Joining an increasingly crowded field of automakers producing zero-emissions alternative fuel vehicles, Honda’s FCV hydrogen-powered concept car is to make its U.S. debut at the January North American International Auto Show in Detroit.
The long-in-the-works fuel cell vehicle, unveiled last month in Japan, is the next progression in the company’s FCX and FCX Clarity cars.
Honda says the car features a lower, wider, more aerodynamic body, with a roomier interior than the Clarity — roomy enough to seat five passengers.
The company says it has a range of more than 300 miles.
Though it’s still a concept vehicle, Honda has said a production version of the car could be available in Japan as early as March 2016, then in Europe and the United States shortly afterward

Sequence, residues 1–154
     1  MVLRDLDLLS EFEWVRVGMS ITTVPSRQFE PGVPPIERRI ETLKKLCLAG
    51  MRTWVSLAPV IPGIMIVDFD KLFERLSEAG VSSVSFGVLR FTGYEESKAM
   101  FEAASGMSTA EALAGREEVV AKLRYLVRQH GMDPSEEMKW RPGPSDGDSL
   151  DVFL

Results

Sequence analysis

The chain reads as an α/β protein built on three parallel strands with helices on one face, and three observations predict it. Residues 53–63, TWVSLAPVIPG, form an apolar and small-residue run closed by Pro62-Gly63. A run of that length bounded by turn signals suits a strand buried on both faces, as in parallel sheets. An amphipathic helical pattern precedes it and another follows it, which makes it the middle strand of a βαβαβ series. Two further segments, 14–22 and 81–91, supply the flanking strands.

That company hasn’t said what it will cost. Similar vehicles have price tags in the $60,000 range, before government rebates that are common for alternative fuel vehicles.
Honda joins rivals Toyota, Hyundai, Mercedes-Benz and Volkswagen in the hydrogen segment. The companies all have cars on the market or coming to dealerships soon — with Toyota and Hyundai already producing hydrogen fuel cell vehicles for U.S. consumers.
Toyota’s Mirai, to be released as a 2016 model, is expected to retail for the equivalent of about $60,000 when it goes on sale in Japan, where it will qualify for a $20,000 government rebate. It is expected to retail for a similar amount in the U.S.
The vehicles all face an infrastructure dilemma, though. An example: To date, there are only 11 hydrogen fueling stations in California, though that number could increase to 40 stations within a year.
Hydrogen fuel cell vehicles employ an electric motor, similar to the electric motors used in battery electric vehicles and plug-in electric vehicles. They typically have range similar to gas-powered vehicles, and like those vehicles can be refueled in three to five minutes.